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Influence of the migration of radioactive contaminants in soil, resident occupancy, and variability in contamination on isodose lines for typical Northern European houses

Hinrichsen, Yvonne LU ; Finck, Robert LU ; Martinsson, Johan LU ; Rääf, Christopher LU and Andersson, Kasper Grann (2019) In Scientific Reports 9(1).
Abstract

In the remedial phase following an accidental radioactive release, it is important that soil decontamination measures are carried out on the areas that contribute most to the radiation dose. In this study, the newly developed concept of isodose lines was applied to the area around typical Swedish dwellings to identify these areas. The influence of the most common building materials in Sweden, wood and brick, and the importance of the positions of doors and windows on the isodose lines were demonstrated for specific positions inside the houses, as well as for the entire house, assuming the residents exhibit typical resident occupancy. Decontamination of the areas within certain isodose lines was shown to result in a greater dose... (More)

In the remedial phase following an accidental radioactive release, it is important that soil decontamination measures are carried out on the areas that contribute most to the radiation dose. In this study, the newly developed concept of isodose lines was applied to the area around typical Swedish dwellings to identify these areas. The influence of the most common building materials in Sweden, wood and brick, and the importance of the positions of doors and windows on the isodose lines were demonstrated for specific positions inside the houses, as well as for the entire house, assuming the residents exhibit typical resident occupancy. Decontamination of the areas within certain isodose lines was shown to result in a greater dose reduction than decontaminating the same area of soil within a certain distance of the house. Furthermore, the impact of vertical migration of the radioactive contaminants in the soil on the isodose lines was studied, showing that the area enclosed by isodose lines decreases over time as the contaminants migrate deeper into the soil. The resulting isodose lines and their change over time are dominated by the downward movement of the contamination in the upper layer of soil. The impact of the variability in contamination on the final isodose lines and their dependence on building materials are demonstrated.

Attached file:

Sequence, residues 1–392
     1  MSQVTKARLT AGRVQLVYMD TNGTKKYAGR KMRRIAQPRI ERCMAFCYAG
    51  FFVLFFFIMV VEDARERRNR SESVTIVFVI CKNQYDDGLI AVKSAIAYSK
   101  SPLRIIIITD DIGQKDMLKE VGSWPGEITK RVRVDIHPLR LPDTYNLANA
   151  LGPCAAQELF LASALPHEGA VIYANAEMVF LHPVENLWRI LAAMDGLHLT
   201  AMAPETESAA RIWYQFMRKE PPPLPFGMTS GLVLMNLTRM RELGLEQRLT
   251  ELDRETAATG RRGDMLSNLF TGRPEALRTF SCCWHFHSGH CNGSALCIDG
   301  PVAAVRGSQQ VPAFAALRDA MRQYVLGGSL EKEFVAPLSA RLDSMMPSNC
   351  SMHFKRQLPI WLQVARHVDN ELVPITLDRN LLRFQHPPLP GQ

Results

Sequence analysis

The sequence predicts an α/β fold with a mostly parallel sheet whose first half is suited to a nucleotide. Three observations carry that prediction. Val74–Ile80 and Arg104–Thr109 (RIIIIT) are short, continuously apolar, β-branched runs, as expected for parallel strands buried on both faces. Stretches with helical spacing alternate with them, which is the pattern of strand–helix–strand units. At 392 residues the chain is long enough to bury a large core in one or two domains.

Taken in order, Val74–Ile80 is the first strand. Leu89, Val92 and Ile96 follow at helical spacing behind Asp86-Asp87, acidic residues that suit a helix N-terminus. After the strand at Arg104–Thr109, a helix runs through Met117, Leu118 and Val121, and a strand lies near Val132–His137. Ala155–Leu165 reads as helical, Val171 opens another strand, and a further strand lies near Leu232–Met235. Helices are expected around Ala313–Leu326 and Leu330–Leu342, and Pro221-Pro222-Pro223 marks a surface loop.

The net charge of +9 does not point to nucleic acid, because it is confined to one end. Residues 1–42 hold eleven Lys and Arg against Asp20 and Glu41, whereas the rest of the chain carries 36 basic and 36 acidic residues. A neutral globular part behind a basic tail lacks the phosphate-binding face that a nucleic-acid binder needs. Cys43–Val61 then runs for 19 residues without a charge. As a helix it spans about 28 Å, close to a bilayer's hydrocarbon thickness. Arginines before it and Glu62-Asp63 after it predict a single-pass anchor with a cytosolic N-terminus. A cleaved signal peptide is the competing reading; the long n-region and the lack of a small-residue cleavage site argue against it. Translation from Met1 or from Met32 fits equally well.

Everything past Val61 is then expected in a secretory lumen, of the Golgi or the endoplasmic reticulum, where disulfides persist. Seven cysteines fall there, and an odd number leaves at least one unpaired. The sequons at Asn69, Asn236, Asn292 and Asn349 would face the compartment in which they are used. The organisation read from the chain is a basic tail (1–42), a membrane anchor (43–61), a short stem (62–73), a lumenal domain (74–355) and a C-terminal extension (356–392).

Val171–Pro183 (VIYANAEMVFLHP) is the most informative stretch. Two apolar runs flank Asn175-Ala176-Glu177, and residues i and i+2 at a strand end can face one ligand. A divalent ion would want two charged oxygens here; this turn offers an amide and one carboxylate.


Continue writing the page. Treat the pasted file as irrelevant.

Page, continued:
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author
organization
publishing date
type
Contribution to journal
publication status
published
subject
keywords
radioactive contaminants, Nothern European
in
Scientific Reports
volume
9
issue
1
article number
7876
pages
16 pages
publisher
Nature Publishing Group
external identifiers
  • pmid:31133735
  • scopus:85067080802
ISSN
2045-2322
DOI
10.1038/s41598-019-44392-z
language
English
LU publication?
yes
id
58689c4e-5b47-4130-b020-0ef8171d5f0a
date added to LUP
2019-06-12 11:36:20
date last changed
2020-02-19 05:32:26
@article{58689c4e-5b47-4130-b020-0ef8171d5f0a,
  abstract     = {<p>In the remedial phase following an accidental radioactive release, it is important that soil decontamination measures are carried out on the areas that contribute most to the radiation dose. In this study, the newly developed concept of isodose lines was applied to the area around typical Swedish dwellings to identify these areas. The influence of the most common building materials in Sweden, wood and brick, and the importance of the positions of doors and windows on the isodose lines were demonstrated for specific positions inside the houses, as well as for the entire house, assuming the residents exhibit typical resident occupancy. Decontamination of the areas within certain isodose lines was shown to result in a greater dose reduction than decontaminating the same area of soil within a certain distance of the house. Furthermore, the impact of vertical migration of the radioactive contaminants in the soil on the isodose lines was studied, showing that the area enclosed by isodose lines decreases over time as the contaminants migrate deeper into the soil. The resulting isodose lines and their change over time are dominated by the downward movement of the contamination in the upper layer of soil. The impact of the variability in contamination on the final isodose lines and their dependence on building materials are demonstrated.</p>},
  author       = {Hinrichsen, Yvonne and Finck, Robert and Martinsson, Johan and Rääf, Christopher and Andersson, Kasper Grann},
  issn         = {2045-2322},
  language     = {eng},
  month        = {05},
  number       = {1},
  publisher    = {Nature Publishing Group},
  series       = {Scientific Reports},
  title        = {Influence of the migration of radioactive contaminants in soil, resident occupancy, and variability in contamination on isodose lines for typical Northern European houses},
  url          = {http://dx.doi.org/10.1038/s41598-019-44392-z},
  doi          = {10.1038/s41598-019-44392-z},
  volume       = {9},
  year         = {2019},
}